Understanding the biogeochemical cycling of mercury is critical for explaining the presence of mercury in remote regions of the world, such as the Arctic and the Himalayas, as well as local concentrations. While we have good knowledge of present-day fluxes of mercury to the atmosphere, we have little knowledge of what emission levels were like in the past. Here we develop a trend of anthropogenic emissions of mercury to the atmosphere from 1850 to 2008-for which relatively complete data are available-and supplement that trend with an estimate of anthropogenic emissions prior to 1850. Global mercury emissions peaked in 1890 at 2600 Mg yr(-1), fell to 700-800 Mg yr(-1) in the interwar years, then rose steadily after 1950 to present-day levels of 2000 Mg yr(-1). Our estimate for total mercury emissions from human activities over all time is 350 Gg, of which 39% was emitted before 1850 and 61% after 1850. Using an eight-compartment global box-model of mercury biogeochemical cycling, we show that these emission trends successfully reproduce present-day atmospheric enrichment in mercury.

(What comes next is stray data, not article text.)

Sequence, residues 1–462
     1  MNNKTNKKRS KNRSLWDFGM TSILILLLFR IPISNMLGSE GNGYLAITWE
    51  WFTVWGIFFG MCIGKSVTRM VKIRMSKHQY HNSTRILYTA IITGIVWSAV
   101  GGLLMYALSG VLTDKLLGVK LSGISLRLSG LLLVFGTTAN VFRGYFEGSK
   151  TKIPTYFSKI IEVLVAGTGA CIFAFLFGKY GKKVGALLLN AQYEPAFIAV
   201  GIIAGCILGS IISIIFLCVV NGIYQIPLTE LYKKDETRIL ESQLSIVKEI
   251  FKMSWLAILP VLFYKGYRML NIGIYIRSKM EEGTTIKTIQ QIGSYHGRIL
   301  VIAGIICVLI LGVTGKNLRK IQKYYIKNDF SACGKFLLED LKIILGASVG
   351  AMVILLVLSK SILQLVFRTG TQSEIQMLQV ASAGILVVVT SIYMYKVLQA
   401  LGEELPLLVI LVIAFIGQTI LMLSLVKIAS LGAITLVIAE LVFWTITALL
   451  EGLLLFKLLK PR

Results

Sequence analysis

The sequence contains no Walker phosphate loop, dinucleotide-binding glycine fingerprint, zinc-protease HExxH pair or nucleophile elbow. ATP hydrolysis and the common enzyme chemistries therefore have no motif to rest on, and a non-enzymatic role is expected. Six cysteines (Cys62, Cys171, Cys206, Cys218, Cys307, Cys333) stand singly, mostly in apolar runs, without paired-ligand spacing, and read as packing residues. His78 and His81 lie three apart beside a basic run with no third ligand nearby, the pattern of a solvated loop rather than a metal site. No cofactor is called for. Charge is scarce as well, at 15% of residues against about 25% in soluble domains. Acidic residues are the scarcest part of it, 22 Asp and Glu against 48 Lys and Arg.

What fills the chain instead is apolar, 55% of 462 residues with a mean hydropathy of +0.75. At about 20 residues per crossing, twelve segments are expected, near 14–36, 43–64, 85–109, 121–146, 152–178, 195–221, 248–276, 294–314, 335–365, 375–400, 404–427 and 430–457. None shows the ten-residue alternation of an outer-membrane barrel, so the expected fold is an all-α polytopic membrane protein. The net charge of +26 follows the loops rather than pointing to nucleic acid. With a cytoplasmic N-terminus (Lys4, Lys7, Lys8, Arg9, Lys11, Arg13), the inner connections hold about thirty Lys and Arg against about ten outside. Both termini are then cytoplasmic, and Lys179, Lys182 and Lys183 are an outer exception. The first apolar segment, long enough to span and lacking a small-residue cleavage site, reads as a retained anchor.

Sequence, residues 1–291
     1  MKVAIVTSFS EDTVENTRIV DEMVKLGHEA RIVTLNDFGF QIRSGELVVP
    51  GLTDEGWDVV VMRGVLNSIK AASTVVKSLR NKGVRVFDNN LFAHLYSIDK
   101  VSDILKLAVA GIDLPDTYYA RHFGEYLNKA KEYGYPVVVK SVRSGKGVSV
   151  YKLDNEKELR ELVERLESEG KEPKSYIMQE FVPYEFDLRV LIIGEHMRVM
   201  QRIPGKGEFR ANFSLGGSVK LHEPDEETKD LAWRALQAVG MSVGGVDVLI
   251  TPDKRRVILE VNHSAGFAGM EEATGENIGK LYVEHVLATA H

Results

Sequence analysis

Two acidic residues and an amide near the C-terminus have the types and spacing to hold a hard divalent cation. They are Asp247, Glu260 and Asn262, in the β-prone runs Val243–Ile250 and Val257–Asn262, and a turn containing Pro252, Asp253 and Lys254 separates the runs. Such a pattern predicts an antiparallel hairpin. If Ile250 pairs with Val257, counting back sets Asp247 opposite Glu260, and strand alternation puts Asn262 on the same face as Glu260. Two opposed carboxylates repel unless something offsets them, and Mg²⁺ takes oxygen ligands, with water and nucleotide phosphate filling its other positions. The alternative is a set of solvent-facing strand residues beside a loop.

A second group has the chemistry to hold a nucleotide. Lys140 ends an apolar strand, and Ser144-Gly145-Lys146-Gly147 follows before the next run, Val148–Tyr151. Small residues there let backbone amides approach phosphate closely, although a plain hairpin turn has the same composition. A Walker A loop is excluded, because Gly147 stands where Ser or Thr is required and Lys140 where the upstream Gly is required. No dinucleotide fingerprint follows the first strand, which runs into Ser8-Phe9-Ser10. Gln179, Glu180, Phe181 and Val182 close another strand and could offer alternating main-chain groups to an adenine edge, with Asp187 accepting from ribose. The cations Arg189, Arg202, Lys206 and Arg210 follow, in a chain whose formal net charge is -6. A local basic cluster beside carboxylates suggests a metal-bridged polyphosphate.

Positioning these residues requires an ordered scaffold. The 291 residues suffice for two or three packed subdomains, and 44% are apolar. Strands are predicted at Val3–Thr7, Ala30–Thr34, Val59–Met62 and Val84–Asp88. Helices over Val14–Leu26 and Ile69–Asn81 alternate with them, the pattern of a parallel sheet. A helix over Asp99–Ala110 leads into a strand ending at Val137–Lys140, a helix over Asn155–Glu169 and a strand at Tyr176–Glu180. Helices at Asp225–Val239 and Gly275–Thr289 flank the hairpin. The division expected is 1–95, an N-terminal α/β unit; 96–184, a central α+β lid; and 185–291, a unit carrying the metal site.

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Consomic rats (SS.BN13), in which chromosome 13 from normotensive inbred Brown Norway rats from a colony maintained at the Medical College of Wisconsin (BN/Mcw) was introgressed into the background of Dahl salt-sensitive (SS/Mcw) rats, also maintained in a colony at the Medical College of Wisconsin, were bred. The present studies determined the mean arterial pressure (MAP) responses to salt and renal and peripheral vascular responses to norepinephrine and angiotensin II; 24-hour protein excretion and histological analyses were used to assess renal pathology in rats that received a high salt (4% NaCl) diet for 4 weeks. MAP of rats measured daily during the fourth week averaged 170+/-3.3 mm Hg in SS/Mcw rats, 119+/-2.1 mm Hg in SS.BN13 rats, and 103+/-1.3 mm Hg in BN/Mcw rats. After salt depletion, MAP fell an average of 27+/-4.5 mm Hg in SS/Mcw rats, 9+/-2.6 mm Hg in SS.BN13 rats, and 11+/-3.0 mm Hg in BN/Mcw rats. Protein excretion of SS/Mcw rats on a high salt diet averaged 189+/-30 mg/24 h, 63+/-18 mg/24 h in SS.BN13 rats, and 40+/-6.4 mg/24 h in BN/Mcw rats. Compared with SS.BN13 and BN/Mcw rats, SS/Mcw rats exhibited significantly greater increases of renal vascular resistance in response to intravenous norepinephrine and angiotensin II. Severe medullary interstitial fibrosis and tubular necrosis after a high salt diet were found consistently in SS/Mcw rat kidneys but were largely absent in the SS.BN13 and BN/Mcw rat kidneys. A similar degree of glomerular sclerosis was found in both SS/Mcw and SS.BN13 rats. In rats fed a 0.4% salt diet, the glomerular filtration rate of SS/Mcw rats was significantly less than that of BN/Mcw and SS.BN13 rats. These results reveal a powerful gene, or set of genes, within chromosome 13 of BN/Mcw rats that confers protection from the detrimental effects of high salt to the SS/Mcw rats.